Hot-links, Malware, Copyright Infringement and More:
This is not the post that I scheduled to write this morning. That was Plan A – I should be posting a lovely halloween chocolate giveaway! This post is all because a fellow blogger – Scottish Mum, posted her own succinct findings on how she discovered that photos of her kids had been hot-linked to undesirable sites.
She included the commands that we could all use to check our sites. And curiosity got the better of me, I went off to discover if my site had any of those nasty hot-links.
Perhaps I shouldn’t have done so because the result was I spent almost the entire day yesterday removing images which will now have to be renamed and reloaded. So far around 150 images in a file. Of course not all hot-links are malicious, some were from fellow bloggers and I’ve left those in place. But, there were plenty of apparently innocuous links which ultimately could damage my site.
For example, one which claims to be a picture pinning site is actually a way to promote picture theft. If you find your thumbnail images there and click on any of them it will try to get you to install their own picture cropping software. I left before I saw whether or not my own image ever appeared as more than a thumbnail – I suspect not, but frankly I don’t want to take the risk of installing some unknown software which probably contains malware on my PC.
Another redirected straight to a very dubious site (from my photo of some indian spices!)
Then there was the one that claimed to be selling my photo and wanted me to click to download my own picture. I DID click on that and thankfully my PC virus alerts kicked in!
THESE ARE NOT FRIENDLY LINKS BACK TO YOUR SITE.
Why does it matter?
- Firstly, Google Image Seach is increasingly popular. Do you really want people to find that your photos install malware on their PC.
- Secondly, if someone clicks on an image that looks like yours (and some of these sites DO credit back to your own site with a text link), but instead of going back to your site actually ends up with a trojan, it is YOUR site’s reputation that will be damaged.
- Thirdly, some people believe that third party hotlinks from sites with a negative reputation will affect your own indexing and ranking with Google.
- Finally It’s perfectly possible that your image of your kids, yummy chocolate cake or holiday snap will end up being ranked for the hotlink site rather than for your own site.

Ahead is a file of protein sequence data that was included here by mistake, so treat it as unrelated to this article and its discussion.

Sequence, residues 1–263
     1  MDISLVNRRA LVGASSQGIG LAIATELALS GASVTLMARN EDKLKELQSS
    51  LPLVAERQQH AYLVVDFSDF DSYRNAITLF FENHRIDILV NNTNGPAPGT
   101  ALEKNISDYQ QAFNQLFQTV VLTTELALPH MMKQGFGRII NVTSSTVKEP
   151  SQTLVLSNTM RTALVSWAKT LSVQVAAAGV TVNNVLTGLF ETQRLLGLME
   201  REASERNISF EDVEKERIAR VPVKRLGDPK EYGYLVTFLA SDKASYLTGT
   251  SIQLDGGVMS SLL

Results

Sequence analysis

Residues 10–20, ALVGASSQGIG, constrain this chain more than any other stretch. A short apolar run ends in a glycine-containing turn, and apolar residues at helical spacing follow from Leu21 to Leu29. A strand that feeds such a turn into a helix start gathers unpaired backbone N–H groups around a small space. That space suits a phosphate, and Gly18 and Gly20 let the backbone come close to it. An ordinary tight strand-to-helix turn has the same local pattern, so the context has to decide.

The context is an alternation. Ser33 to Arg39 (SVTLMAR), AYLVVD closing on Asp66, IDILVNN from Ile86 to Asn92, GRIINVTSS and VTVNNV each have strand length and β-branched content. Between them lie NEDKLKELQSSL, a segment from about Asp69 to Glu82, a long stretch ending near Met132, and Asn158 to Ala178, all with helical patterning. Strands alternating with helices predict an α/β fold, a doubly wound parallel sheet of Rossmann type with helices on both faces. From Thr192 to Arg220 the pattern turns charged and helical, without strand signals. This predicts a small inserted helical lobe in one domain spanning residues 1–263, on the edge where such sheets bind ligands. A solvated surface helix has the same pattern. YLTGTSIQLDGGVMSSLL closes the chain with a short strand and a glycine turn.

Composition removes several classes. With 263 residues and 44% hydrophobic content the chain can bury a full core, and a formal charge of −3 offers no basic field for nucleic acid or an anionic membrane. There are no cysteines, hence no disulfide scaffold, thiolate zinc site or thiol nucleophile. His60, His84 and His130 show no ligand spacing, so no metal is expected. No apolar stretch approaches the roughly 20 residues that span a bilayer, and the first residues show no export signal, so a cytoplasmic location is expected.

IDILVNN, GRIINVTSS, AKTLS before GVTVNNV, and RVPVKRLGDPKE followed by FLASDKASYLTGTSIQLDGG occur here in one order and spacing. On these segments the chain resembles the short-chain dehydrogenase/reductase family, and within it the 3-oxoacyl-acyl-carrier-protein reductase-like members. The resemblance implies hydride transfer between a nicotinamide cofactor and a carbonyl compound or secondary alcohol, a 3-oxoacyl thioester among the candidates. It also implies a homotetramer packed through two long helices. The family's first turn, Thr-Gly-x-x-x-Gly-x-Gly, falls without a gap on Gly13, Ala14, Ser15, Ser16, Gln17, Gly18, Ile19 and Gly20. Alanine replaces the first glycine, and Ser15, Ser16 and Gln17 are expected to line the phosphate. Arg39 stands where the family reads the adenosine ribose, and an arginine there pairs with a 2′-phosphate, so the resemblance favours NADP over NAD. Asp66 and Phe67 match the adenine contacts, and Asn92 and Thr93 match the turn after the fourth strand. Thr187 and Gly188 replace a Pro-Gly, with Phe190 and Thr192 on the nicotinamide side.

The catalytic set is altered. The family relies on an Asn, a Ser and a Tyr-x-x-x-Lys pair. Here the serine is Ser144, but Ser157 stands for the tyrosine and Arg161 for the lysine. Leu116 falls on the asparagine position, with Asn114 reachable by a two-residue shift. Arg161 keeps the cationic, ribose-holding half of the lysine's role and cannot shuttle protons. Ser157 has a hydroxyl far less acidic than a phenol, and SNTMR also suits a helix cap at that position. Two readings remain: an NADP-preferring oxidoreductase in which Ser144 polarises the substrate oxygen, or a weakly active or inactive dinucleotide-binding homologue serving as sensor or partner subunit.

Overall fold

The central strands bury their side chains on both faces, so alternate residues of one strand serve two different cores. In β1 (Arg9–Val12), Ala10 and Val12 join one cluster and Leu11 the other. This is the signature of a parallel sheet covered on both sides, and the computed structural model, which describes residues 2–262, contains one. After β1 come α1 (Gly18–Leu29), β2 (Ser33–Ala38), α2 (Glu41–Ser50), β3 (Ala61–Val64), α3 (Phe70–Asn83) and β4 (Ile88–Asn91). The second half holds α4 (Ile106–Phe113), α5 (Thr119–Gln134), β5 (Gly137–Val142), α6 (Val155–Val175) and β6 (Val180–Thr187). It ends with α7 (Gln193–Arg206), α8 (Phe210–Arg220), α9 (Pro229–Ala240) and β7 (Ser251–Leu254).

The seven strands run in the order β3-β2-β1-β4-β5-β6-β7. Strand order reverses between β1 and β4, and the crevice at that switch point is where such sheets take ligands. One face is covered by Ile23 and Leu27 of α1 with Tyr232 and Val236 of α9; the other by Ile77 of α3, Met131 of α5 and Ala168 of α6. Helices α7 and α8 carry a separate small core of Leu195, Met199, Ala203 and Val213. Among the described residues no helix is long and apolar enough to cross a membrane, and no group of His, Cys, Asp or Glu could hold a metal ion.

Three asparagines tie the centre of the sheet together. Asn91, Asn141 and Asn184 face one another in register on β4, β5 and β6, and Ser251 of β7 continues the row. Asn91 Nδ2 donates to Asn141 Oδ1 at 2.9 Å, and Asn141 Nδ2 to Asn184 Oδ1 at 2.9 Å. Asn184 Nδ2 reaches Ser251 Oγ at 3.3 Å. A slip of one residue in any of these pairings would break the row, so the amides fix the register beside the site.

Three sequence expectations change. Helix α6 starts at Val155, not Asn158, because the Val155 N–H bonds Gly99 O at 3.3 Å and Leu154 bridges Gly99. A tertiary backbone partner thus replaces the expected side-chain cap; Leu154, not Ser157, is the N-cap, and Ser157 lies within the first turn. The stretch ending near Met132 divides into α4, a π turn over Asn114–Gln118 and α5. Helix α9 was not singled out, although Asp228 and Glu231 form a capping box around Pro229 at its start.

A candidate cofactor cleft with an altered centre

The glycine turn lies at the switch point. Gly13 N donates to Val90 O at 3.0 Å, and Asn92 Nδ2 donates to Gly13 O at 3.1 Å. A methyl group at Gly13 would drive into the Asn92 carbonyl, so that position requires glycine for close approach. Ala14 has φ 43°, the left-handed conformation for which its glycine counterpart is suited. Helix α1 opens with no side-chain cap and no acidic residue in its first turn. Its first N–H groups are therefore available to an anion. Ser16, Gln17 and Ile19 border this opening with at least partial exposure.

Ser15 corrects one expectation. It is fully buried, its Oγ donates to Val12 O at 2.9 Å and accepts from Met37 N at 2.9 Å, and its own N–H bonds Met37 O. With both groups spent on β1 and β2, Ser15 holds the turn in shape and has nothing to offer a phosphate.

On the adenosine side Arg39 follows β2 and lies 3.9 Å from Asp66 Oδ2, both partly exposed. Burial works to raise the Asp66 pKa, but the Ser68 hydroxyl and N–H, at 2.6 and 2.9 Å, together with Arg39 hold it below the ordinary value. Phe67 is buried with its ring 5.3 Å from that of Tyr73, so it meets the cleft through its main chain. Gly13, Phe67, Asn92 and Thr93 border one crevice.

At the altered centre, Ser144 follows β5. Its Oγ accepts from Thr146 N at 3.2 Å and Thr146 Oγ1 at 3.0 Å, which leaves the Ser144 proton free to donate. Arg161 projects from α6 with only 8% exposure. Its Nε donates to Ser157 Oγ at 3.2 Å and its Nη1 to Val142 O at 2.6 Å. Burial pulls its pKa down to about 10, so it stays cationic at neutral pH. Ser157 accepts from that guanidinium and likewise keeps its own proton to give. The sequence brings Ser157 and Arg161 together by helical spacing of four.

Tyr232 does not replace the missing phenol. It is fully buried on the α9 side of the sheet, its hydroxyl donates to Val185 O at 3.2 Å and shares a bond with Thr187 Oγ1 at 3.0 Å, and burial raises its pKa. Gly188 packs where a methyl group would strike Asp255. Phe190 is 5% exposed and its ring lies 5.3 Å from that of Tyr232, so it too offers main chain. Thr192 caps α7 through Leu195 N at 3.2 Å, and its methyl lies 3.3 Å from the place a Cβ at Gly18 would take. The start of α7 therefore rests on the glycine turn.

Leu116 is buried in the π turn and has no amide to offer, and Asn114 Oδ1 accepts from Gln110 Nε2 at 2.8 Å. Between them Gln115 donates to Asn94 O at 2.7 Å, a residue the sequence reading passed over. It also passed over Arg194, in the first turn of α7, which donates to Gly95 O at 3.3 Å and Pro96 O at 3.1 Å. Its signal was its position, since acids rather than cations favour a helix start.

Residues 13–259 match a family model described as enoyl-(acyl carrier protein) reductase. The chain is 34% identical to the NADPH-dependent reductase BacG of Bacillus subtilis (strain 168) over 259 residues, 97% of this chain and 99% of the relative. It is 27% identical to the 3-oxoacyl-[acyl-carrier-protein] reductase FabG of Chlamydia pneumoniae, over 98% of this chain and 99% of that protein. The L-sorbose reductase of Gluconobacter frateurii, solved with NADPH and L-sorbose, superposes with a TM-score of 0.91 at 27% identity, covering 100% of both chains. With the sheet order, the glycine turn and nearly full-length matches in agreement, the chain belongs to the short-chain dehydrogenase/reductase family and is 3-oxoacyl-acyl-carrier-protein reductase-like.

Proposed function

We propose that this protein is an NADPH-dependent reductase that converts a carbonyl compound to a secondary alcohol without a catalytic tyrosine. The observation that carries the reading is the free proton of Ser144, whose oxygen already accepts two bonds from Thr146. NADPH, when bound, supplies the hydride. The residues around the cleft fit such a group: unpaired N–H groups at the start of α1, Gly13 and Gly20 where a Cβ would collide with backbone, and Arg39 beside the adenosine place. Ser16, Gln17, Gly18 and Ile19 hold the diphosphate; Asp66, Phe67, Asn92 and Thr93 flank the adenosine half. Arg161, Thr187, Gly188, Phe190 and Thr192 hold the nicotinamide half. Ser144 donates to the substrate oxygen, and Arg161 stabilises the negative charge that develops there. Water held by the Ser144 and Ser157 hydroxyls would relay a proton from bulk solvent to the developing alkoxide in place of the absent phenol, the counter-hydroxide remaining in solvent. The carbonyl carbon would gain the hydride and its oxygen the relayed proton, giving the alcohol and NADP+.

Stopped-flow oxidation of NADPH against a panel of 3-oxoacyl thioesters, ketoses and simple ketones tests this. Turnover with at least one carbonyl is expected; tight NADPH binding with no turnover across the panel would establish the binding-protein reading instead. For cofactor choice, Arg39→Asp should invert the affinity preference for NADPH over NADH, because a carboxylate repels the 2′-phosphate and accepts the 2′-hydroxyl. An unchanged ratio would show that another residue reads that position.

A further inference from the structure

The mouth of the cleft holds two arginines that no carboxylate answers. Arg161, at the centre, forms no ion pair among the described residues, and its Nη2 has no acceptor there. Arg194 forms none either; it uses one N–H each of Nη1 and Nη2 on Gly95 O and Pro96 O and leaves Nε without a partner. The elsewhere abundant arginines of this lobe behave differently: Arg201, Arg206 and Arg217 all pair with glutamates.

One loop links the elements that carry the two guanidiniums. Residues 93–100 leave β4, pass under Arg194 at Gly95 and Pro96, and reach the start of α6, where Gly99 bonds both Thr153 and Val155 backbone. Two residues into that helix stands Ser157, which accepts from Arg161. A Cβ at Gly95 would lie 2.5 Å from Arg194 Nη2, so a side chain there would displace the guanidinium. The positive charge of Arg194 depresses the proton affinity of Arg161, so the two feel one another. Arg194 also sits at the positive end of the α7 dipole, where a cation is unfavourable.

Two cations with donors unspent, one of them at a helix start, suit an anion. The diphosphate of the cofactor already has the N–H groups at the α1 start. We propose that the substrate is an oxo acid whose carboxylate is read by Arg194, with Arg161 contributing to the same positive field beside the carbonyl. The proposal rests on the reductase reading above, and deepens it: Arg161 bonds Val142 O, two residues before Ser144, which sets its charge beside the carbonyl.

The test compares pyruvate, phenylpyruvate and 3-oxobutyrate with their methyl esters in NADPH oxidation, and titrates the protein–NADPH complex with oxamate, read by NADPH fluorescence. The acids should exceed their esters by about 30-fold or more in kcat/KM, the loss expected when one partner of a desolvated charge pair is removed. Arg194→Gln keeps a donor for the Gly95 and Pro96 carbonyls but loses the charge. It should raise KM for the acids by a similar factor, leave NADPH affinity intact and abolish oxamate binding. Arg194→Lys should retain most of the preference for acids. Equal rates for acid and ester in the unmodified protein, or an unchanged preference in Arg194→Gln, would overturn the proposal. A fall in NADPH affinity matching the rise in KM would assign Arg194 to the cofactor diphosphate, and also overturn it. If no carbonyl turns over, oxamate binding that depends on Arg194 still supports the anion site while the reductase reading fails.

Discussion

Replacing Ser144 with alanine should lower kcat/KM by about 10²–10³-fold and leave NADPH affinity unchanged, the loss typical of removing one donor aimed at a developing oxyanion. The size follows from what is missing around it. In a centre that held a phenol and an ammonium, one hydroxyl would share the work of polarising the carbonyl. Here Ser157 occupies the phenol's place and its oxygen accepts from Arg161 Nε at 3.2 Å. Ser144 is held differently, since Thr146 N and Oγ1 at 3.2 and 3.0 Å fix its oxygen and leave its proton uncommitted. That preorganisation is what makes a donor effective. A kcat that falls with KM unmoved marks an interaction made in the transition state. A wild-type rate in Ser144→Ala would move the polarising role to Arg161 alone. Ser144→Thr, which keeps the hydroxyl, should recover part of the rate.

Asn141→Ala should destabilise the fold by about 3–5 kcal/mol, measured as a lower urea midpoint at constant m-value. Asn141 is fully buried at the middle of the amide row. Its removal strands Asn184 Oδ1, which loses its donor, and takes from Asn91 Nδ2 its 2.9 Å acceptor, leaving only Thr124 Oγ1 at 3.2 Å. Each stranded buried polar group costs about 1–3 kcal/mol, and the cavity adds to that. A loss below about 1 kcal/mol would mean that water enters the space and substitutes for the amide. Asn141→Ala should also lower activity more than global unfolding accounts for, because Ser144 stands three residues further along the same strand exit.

I found 17 domains that were linking back to my site without permission and with some kind of download of malware or redirect. They were NOT called by names that would have made me suspicious – some of them appeared to be doing me a favour by linking. And yes, in the short term I might lose links which make my site look as if it is doing well. But just as buying links can damage your blog, so can this type of linking.
What to do?
- I’ve temporarily removed the images. To do that, I’ve had to search through the media file on my blog. Deleting the image from the blog post does not delete the image URL, it will still be there and would still be linked to my domain. Some of them repopulated almost instantly – they appear to have image scrapers that replace images which have been removed with new ones.
- My techie friend has installed a few lines of code to block the sites from accessing London-Unattached at all. We are hoping that will work. If you host with a third party, ask them if they have a way to block malware sites.
- I’ve reported most of the domains directly to Google. I have no idea if that will have any result at all but I live in hope.
- I’m planning on checking back regularly – at the moment I am rather neurotically looking every few hours (yeah, I know, I won’t see anything…but it makes me feel better!)
If you do decide to check your own site and find links which look harmless using the search method that Scottish Mum provided, please be careful if you want to check them yourself. Make sure your firewall, spyware and virus protection is up to date and activate any pop-up blocker you have BEFORE you start.
And think around the domains and what they are offering. If a site is claiming to offer a download of your image, is that really something you’d want? unless you’ve authorised it yourself (e.g. to FLICKR or similar) you are unlikely to get any credit or payment for it. Is there any justification for what appears to be a job search site to have a large bank of hot-linked food, travel and lifestyle pictures? And, while Pinterest is a legitimate way for your images to be linked back to your site to send you traffic, a site that says it is providing images to pin but then encourages users to download them isn’t going to send you any traffic. All is not quite what it seems in the World Wide Web.
With Lots of Blog Love